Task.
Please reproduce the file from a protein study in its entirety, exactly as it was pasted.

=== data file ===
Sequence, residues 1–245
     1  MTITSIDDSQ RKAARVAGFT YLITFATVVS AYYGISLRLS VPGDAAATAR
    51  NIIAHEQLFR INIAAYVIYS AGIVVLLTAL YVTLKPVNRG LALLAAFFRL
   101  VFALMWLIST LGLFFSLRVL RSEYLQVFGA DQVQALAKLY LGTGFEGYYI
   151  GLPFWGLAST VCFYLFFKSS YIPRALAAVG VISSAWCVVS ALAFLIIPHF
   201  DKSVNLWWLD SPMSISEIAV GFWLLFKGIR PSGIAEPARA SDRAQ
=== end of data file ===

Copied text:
Sequence, residues 1–245
     1  MTITSIDDSQ RKAARVAGFT YLITFATVVS AYYGISLRLS VPGDAAATAR
    51  NIIAHEQLFR INIAAYVIYS AGIVVLLTAL YVTLKPVNRG LALLAAFFRL
   101  VFALMWLIST LGLFFSLRVL RSEYLQVFGA DQVQALAKLY LGTGFEGYYI
   151  GLPFWGLAST VCFYLFFKSS YIPRALAAVG VISSAWCVVS ALAFLIIPHF
   201  DKSVNLWWLD SPMSISEIAV GFWLLFKGIR PSGIAEPARA SDRAQ